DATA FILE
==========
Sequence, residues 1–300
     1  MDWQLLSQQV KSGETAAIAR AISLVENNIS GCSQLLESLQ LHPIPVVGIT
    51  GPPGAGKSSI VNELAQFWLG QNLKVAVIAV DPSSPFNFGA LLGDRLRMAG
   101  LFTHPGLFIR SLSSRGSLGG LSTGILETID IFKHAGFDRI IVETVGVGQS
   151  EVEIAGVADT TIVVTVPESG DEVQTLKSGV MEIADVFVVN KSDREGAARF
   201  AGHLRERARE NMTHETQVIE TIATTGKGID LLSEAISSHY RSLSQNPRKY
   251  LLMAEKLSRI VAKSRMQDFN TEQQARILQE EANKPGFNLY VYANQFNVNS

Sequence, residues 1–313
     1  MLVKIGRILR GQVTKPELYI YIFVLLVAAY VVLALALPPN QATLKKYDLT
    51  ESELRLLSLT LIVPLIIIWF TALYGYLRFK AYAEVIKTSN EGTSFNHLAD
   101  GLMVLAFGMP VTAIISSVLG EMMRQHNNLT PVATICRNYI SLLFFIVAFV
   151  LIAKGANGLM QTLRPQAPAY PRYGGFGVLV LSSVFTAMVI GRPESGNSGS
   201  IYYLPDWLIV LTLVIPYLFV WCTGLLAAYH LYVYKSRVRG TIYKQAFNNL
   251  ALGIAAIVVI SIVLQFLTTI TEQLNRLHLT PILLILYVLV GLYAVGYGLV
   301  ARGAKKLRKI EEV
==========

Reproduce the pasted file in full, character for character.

Sequence, residues 1–300
     1  MDWQLLSQQV KSGETAAIAR AISLVENNIS GCSQLLESLQ LHPIPVVGIT
    51  GPPGAGKSSI VNELAQFWLG QNLKVAVIAV DPSSPFNFGA LLGDRLRMAG
   101  LFTHPGLFIR SLSSRGSLGG LSTGILETID IFKHAGFDRI IVETVGVGQS
   151  EVEIAGVADT TIVVTVPESG DEVQTLKSGV MEIADVFVVN KSDREGAARF
   201  AGHLRERARE NMTHETQVIE TIATTGKGID LLSEAISSHY RSLSQNPRKY
   251  LLMAEKLSRI VAKSRMQDFN TEQQARILQE EANKPGFNLY VYANQFNVNS

Sequence, residues 1–313
     1  MLVKIGRILR GQVTKPELYI YIFVLLVAAY VVLALALPPN QATLKKYDLT
    51  ESELRLLSLT LIVPLIIIWF TALYGYLRFK AYAEVIKTSN EGTSFNHLAD
   101  GLMVLAFGMP VTAIISSVLG EMMRQHNNLT PVATICRNYI SLLFFIVAFV
   151  LIAKGANGLM QTLRPQAPAY PRYGGFGVLV LSSVFTAMVI GRPESGNSGS
   201  IYYLPDWLIV LTLVIPYLFV WCTGLLAAYH LYVYKSRVRG TIYKQAFNNL
   251  ALGIAAIVVI SIVLQFLTTI TEQLNRLHLT PILLILYVLV GLYAVGYGLV
   301  ARGAKKLRKI EEV